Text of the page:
Setas - A Vehicle for the Skills Revolution?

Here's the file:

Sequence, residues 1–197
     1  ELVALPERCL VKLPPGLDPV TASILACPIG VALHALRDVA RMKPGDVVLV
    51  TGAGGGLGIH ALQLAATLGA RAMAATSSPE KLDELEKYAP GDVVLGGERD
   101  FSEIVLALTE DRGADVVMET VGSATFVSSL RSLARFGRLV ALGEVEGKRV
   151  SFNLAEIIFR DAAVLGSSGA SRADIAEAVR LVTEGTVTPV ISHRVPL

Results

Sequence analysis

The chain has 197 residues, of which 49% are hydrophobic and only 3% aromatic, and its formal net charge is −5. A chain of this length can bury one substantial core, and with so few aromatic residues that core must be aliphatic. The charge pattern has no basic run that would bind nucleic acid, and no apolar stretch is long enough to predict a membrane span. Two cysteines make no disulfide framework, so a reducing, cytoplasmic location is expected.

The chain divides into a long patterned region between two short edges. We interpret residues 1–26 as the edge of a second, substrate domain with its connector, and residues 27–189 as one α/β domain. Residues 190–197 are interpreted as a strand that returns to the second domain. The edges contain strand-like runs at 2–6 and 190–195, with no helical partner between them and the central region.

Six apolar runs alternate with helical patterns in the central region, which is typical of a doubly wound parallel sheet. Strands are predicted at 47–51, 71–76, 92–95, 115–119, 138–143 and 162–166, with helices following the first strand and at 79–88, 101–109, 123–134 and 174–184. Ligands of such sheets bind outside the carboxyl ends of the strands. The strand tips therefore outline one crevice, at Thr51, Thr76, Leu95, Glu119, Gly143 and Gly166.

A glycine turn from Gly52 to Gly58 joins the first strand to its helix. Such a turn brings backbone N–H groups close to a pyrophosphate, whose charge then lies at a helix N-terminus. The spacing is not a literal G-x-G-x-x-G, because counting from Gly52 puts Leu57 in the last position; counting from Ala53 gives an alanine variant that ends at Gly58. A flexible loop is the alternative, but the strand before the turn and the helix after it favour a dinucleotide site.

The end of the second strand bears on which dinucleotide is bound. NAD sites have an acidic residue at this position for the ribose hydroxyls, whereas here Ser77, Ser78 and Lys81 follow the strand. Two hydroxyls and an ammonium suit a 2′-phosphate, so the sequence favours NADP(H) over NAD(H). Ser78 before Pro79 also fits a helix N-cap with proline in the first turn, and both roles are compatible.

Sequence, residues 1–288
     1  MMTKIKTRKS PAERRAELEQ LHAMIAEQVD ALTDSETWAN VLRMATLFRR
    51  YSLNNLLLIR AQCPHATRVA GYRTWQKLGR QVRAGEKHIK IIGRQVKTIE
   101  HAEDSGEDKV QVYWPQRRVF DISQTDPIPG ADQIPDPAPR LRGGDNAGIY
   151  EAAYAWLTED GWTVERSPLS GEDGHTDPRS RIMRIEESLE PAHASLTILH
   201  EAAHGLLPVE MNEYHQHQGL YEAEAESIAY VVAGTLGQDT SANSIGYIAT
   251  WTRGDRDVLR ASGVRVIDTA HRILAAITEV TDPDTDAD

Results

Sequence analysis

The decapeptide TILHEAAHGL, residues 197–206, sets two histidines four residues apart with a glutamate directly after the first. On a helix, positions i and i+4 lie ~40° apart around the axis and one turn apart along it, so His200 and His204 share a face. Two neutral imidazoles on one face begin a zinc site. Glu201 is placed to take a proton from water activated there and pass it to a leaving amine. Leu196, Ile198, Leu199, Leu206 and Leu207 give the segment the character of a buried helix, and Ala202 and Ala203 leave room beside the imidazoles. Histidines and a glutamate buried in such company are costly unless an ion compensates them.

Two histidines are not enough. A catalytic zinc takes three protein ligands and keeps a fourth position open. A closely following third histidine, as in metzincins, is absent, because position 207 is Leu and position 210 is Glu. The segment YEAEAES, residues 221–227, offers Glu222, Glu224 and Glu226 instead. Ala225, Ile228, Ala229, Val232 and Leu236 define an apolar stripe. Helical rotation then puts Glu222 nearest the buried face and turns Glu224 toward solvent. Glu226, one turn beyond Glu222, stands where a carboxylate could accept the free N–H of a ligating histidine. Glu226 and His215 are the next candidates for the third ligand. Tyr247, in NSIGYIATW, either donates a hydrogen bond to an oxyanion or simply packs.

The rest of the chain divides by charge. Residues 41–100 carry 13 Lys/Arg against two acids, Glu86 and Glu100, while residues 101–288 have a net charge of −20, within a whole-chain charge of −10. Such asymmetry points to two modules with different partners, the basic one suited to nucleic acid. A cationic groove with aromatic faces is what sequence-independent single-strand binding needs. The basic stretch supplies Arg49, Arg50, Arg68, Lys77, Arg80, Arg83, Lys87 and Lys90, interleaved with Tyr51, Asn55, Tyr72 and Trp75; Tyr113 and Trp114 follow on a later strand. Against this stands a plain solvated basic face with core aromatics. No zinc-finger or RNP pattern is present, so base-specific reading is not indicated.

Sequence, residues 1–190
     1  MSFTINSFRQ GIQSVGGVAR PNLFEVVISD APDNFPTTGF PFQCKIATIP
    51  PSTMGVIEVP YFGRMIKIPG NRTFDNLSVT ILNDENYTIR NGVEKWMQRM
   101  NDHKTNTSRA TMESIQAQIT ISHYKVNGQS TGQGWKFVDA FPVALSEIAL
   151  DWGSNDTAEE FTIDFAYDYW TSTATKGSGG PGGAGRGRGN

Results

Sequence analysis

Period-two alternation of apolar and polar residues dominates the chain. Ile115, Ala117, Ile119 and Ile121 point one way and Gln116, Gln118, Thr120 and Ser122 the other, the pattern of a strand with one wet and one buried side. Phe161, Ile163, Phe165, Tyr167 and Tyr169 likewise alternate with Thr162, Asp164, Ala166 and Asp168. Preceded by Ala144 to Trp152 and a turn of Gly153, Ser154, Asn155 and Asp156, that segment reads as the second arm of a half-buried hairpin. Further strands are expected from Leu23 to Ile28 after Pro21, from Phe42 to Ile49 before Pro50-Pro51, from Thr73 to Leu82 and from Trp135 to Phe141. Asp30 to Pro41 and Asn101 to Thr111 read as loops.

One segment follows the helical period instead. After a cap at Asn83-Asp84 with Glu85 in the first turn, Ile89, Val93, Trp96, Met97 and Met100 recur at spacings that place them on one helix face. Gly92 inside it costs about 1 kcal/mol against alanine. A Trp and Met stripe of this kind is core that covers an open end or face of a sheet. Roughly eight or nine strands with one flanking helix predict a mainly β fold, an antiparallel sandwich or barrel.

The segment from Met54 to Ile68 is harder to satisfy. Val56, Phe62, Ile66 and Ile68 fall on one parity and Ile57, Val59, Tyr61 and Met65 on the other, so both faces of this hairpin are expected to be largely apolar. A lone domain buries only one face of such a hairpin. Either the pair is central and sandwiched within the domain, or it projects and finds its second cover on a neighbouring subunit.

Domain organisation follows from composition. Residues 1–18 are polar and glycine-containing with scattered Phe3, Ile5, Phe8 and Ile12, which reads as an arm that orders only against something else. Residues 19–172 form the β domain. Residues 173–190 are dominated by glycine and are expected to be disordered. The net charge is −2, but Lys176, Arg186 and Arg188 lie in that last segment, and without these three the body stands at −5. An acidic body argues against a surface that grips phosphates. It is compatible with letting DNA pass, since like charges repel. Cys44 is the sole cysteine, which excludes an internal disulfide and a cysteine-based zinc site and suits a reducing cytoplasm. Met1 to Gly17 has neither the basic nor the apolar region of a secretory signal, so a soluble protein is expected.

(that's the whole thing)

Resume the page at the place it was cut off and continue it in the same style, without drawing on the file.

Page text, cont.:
Sector Education and Training Authorities (Setas), established in terms of the Skills Development Act, 97 of 1998, were launched amid much fanfare and expectation of delivery towards achieving a skills revolution in the country. Upon their immediate establishment in March 2000, these perceived bureaucracies – which controlled the flow of billions – came under attack and became the subject of constant criticism. Over the years, this criticism has not abated and perceptions of Seta non-delivery has been exacerbated by recent reports that a resolution to the ‘skills crisis’ is critical for the success of government’s Accelerated and Shared Growth Strategy for South Africa (Asgisa). The perception of a skills crisis has raised concerns as to whether Setas are responsive enough to the needs of employers (private and public) and the country as a whole. In view of these underlying sentiments, the University of Cape Town’s Development Policy Research Unit (DPRU) commissioned a study to evaluate the role of Setas in contributing towards addressing the country’s skills needs. This study will seek to evaluate Seta performance since their inception by exploring: Seta functioning and distill, from a range of perceptions (and legislation), their core deliverables and responsibilities; Whether there are underlying factors – systemic or otherwise – which are impacting on the way in which Setas are supposed to operate; and Based on the findings of three case studies, recommend interventions to improve Seta performance.